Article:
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Planning and Shopping a Traditional Holiday Menu

Beginning with the hospitality and continuing through the menu, try to make every part of the meal special. My simple goal when planning a public meal is always that courses recall the happiest times and that every item is better than that found in a typical cafeteria holiday meal.

These quantities will work for 30 or 300. They are calculated for mixed adults for buffet service with a server for the meat, or family style with the platters at the table. They do allow for "holiday-size" portions, which are generally larger than regular dinner portions. Teens or men only generally want about 20% more, ladies only or seniors only or families with several children eat about 20% less.

Usually, the menu for the holiday meal is traditional:

  • turkey or turkey and ham, see below
    • for quantities, see below
  • dressing or stuffing
    • 1/2 to 3/4 cup per person (6 ounces)
  • mashed potatoes
    • You want a pound raw of potato for each 3 persons for mashed potatoes. Roasted or grilled potatoes are also an option.
  • vegetable casseroles and/or sweet potatoes and/or winter squash
  • green vegetables: green beans: about 3-4 choices
    • 1/2 cup or 4 ounces by weight is the usual serving for each vegetable, I consider sweet potatoes as a vegetable for this meal. A #10 can holds 24-25 servings. This is an inexpensive place to bulk up the meal, maybe corn AND sweet potatoes AND peas with onions or green bean casserole AND one or two others.
  • gravy
    • 1/3 cup is best, 1/4 cup minimum
  • cranberry relish
    • 1 pound per 5-6 persons, provide both jelly and a whole berry choice. Homemade cranberry relish is easy and delicious and can cut costs.
  • desserts, especially pumpkin pie
    • see the table for dessert quantities in the planning section of big pots.
    • Brownies, plain cakes, cobblers and cookies can all be made ahead and frozen and are cheaper than store-bought pies. Basicslly you figure one standard serving per person; note that many caterers use smaller items so people can take more than one.
  • rolls
    • 4 for each 3 persons minimum, up to 1 1/2 per person
    • butter
      • 3 pounds for each 100 people
    • coffee, tea, milk and juice; perhaps eggnog or punch
      • see the beverages table in the planning section of big pots

    Specific other foods might be included as budget and cooks permit:

  • relish trays
    • 4 ounces per person, including pickles and olives. One gallon of olives per 100 persons
  • salads, jello salads, fruit salads
    • 1/2 cup serving of a fruit salad or frozen creamy fruit salad
  • rice dish or rice dressing or macaroni and cheese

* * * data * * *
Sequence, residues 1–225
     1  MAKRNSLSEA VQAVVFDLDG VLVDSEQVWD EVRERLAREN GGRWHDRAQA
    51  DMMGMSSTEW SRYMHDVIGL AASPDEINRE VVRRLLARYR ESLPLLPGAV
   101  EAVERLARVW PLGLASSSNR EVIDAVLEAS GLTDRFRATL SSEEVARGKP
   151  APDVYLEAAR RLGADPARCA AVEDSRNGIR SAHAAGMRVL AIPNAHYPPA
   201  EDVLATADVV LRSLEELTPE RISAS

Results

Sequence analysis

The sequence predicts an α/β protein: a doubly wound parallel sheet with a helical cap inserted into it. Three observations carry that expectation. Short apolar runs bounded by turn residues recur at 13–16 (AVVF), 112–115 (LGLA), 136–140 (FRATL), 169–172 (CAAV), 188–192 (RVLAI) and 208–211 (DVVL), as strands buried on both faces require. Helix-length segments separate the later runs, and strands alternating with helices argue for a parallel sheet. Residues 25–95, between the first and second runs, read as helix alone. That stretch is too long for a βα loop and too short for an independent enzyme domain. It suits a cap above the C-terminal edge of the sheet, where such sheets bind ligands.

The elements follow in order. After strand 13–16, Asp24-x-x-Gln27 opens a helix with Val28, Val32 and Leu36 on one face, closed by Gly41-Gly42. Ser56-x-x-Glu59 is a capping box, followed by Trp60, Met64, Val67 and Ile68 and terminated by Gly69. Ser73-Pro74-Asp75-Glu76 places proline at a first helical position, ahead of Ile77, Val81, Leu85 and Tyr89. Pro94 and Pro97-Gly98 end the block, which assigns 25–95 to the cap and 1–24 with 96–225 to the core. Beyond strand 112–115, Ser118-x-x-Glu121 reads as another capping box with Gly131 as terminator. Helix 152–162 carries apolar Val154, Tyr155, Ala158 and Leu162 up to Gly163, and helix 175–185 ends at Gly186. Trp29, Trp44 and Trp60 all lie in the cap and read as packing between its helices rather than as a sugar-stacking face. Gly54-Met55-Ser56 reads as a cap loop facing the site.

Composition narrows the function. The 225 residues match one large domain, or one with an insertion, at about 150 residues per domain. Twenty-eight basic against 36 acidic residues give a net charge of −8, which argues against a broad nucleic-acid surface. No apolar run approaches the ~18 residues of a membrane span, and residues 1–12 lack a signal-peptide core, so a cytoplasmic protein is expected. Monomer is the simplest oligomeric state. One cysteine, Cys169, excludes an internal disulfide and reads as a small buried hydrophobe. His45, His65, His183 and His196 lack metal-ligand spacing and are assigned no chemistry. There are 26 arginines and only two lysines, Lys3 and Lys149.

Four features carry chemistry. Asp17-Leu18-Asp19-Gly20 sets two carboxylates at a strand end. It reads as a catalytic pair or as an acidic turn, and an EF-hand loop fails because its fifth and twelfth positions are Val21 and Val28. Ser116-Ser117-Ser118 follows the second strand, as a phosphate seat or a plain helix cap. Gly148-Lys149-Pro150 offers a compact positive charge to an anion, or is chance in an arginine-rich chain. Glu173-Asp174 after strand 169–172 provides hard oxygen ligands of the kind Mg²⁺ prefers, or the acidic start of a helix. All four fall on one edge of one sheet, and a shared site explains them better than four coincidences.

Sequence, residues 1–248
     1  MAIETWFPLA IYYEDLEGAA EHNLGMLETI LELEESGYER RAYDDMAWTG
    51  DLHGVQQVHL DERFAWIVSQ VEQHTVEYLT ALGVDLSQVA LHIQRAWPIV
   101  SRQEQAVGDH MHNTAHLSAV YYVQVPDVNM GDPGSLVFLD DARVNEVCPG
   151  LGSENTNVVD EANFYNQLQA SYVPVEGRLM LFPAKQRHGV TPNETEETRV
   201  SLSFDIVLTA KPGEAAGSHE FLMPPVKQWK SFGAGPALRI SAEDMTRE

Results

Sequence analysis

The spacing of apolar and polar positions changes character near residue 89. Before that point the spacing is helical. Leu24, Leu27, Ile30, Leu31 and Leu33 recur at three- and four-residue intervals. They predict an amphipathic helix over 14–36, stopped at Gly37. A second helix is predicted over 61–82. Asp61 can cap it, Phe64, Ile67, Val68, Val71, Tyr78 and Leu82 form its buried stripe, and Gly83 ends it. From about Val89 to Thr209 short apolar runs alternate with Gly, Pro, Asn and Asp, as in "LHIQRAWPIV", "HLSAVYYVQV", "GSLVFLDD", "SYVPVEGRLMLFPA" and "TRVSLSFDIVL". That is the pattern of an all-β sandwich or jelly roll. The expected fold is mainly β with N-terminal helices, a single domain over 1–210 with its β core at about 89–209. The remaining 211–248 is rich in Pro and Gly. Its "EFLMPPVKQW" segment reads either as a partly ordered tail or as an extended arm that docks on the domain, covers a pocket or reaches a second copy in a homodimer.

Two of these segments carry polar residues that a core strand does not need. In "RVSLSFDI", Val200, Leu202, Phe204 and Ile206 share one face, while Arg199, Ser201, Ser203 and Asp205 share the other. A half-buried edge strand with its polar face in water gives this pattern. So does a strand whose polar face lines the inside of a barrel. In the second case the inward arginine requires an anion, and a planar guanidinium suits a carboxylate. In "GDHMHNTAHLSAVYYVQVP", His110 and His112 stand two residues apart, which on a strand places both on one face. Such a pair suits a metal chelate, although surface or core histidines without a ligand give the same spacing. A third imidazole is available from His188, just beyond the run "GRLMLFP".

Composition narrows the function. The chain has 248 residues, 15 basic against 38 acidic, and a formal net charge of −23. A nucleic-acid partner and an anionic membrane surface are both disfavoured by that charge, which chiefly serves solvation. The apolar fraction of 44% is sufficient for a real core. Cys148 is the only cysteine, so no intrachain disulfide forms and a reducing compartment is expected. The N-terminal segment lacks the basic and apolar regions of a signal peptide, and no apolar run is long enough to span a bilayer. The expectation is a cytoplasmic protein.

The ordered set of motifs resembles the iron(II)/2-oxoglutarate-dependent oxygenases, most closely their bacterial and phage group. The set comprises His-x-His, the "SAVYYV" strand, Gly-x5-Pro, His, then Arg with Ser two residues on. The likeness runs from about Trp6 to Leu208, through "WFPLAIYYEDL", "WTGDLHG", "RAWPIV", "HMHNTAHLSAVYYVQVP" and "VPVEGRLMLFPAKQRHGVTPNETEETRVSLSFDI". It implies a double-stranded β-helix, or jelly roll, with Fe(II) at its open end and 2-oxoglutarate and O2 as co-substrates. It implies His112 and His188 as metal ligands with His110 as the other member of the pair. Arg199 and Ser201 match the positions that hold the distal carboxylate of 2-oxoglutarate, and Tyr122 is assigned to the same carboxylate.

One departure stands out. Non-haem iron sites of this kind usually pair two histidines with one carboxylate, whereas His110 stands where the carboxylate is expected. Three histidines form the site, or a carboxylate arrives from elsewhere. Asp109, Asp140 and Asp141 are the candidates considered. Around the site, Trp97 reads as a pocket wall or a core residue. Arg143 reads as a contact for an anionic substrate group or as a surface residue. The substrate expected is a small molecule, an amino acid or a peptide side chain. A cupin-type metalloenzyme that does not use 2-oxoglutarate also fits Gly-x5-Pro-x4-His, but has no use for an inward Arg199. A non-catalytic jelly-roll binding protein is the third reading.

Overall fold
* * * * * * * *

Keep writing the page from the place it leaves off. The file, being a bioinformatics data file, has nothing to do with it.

• same as stuffing. If serving both, use half of each
  • luxury vegetables such as cauliflower, creamed onions or creamed peas, roasted asparagus, brussel spouts with chestnuts or other green vegetables
    • 4 ounces per person
  • roasted nuts or mints for the tables
    • 6 pounds per 100 people

    How to check your estimates

    The ball park figure is 5-8 ounces total of sliced cooked meat per person, which is 37-50 pounds per hundred persons PLUS 10 gallons of side dishes per hundred persons. 10 gallons is 10 large crockpots, if you are dividing it up that way. This assumes you add bread and butter, condiments and relishes or salads, beverages and pickles and dessert.

    If you are unsure of the quantity of turkey to purchase?

    Whole turkey and turkey parts- turkey only
  • Allow for 1 pound of uncooked turkey per person when purchasing a whole turkey up to 12-14 pounds or turkey pieces (legs, thighs, etc); allow at least to 3/4 pound per person when purchasing a whole turkey weighing over 14 pounds.
  • Reduce the total amount by 20 percent if you will have a server for the meat (not self serve) and want no leftovers.
  • Increase the total amount by 50% if you want lots of leftovers or expect lots of heavy eaters
    Prestuffed frozen turkey (do NOT prestuff and freeze your own, it is unsafe)
  • Allow 1 to 1 pounds per person when purchasing a prestuffed turkey.
    Turkey breast or boneless roast
  • Allow 2/3 pound per person when purchasing a bone-in turkey breast, which usually weighs between 4 and 8 pounds (4 pounds for each 6 people)
  • Allow 1/2 pound per person when purchasing a boneless turkey breast or roast, which usually weighs between 4 and 8 pounds (4 pounds for each 8 people).
    Turkey plus ham
  • If you have both, most people will eat both. Use the low end of the turkey estimate, 3/4 pound whole raw per person. Add 1 pound boneless ready to eat ham for each 4-5 people.

    Gravy makings

    If you are cooking ahead and taking the meat off the carcasses to store, put the carcasses right into the stock pot with some celery, carrots, and onions- free stock. You want about 1 head of celery and 1 pound each of carrots and onions for each 3 whole turkeys. To make the turkey gravy stock if you are not cooking ahead, purchase and roast an additional 10 pounds of turkey drumsticks, wingtips, or necks to make 1 1/2 to 2 gallons of gravy stock for each 100 people. Or purchase 2 gallons unsalted chicken stock.